Cognitive control in romantic love: the roles of infatuation and attachment in interference and adaptive cognitive control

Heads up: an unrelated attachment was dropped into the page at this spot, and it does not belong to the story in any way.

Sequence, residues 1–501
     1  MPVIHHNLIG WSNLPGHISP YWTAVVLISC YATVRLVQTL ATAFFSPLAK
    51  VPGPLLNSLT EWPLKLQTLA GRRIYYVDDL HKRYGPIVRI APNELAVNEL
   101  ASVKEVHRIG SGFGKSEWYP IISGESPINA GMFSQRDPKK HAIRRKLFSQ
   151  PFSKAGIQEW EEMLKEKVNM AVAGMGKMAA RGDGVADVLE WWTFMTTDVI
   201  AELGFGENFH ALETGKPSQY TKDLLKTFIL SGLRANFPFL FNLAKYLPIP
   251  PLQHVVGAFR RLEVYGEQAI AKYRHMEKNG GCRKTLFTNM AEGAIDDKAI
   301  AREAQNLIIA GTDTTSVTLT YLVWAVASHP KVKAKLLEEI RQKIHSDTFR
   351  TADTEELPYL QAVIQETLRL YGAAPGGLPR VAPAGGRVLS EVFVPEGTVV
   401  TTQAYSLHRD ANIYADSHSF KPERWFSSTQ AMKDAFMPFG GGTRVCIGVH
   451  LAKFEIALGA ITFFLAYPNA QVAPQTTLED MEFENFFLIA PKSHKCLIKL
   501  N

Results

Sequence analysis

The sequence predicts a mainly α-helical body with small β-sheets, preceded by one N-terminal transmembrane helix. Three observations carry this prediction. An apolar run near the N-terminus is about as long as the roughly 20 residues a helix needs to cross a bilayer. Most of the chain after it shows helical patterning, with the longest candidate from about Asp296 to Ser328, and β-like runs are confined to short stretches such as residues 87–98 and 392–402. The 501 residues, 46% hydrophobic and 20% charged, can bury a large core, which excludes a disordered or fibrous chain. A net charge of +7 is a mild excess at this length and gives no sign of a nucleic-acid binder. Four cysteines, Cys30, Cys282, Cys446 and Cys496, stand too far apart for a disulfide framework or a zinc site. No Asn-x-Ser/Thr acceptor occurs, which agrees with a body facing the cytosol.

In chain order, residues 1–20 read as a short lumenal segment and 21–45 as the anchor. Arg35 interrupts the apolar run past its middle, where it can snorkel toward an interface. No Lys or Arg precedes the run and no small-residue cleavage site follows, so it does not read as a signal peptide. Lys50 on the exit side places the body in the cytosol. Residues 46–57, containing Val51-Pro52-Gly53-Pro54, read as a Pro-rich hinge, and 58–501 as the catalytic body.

Besides physiological, behavioural, and affective effects, romantic love also has cognitive effects. In this study, we tested (1) whether individual differences in infatuation and/or attachment level predict impaired interference control even in the absence of a love booster procedure, and (2) whether individual differences in attachment level predict reduced adaptive cognitive control as measured by conflict adaptation and post-error slowing. Eighty-three young adults who had recently fallen in love completed a Stroop-like task, which yielded reliable indices of interference control (i.e. the interference effect) and adaptive cognitive control (i.e. conflict adaptation and post-error slowing). We did not observe the predicted negative association between infatuation or attachment level and interference control. It might be that reduced interference control with love only happens when people are actively thinking about their beloved. In addition, we observed only weak evidence for the prediction that attachment level is associated with reduced conflict adaption. The results did show, however, that attachment level is associated with less post-error slowing, which is in line with the notion that attachment to a romantic partner buffers against aversive events. Our findings suggest that attachment is associated with reduced adaptive cognitive control, which could have implications in everyday life.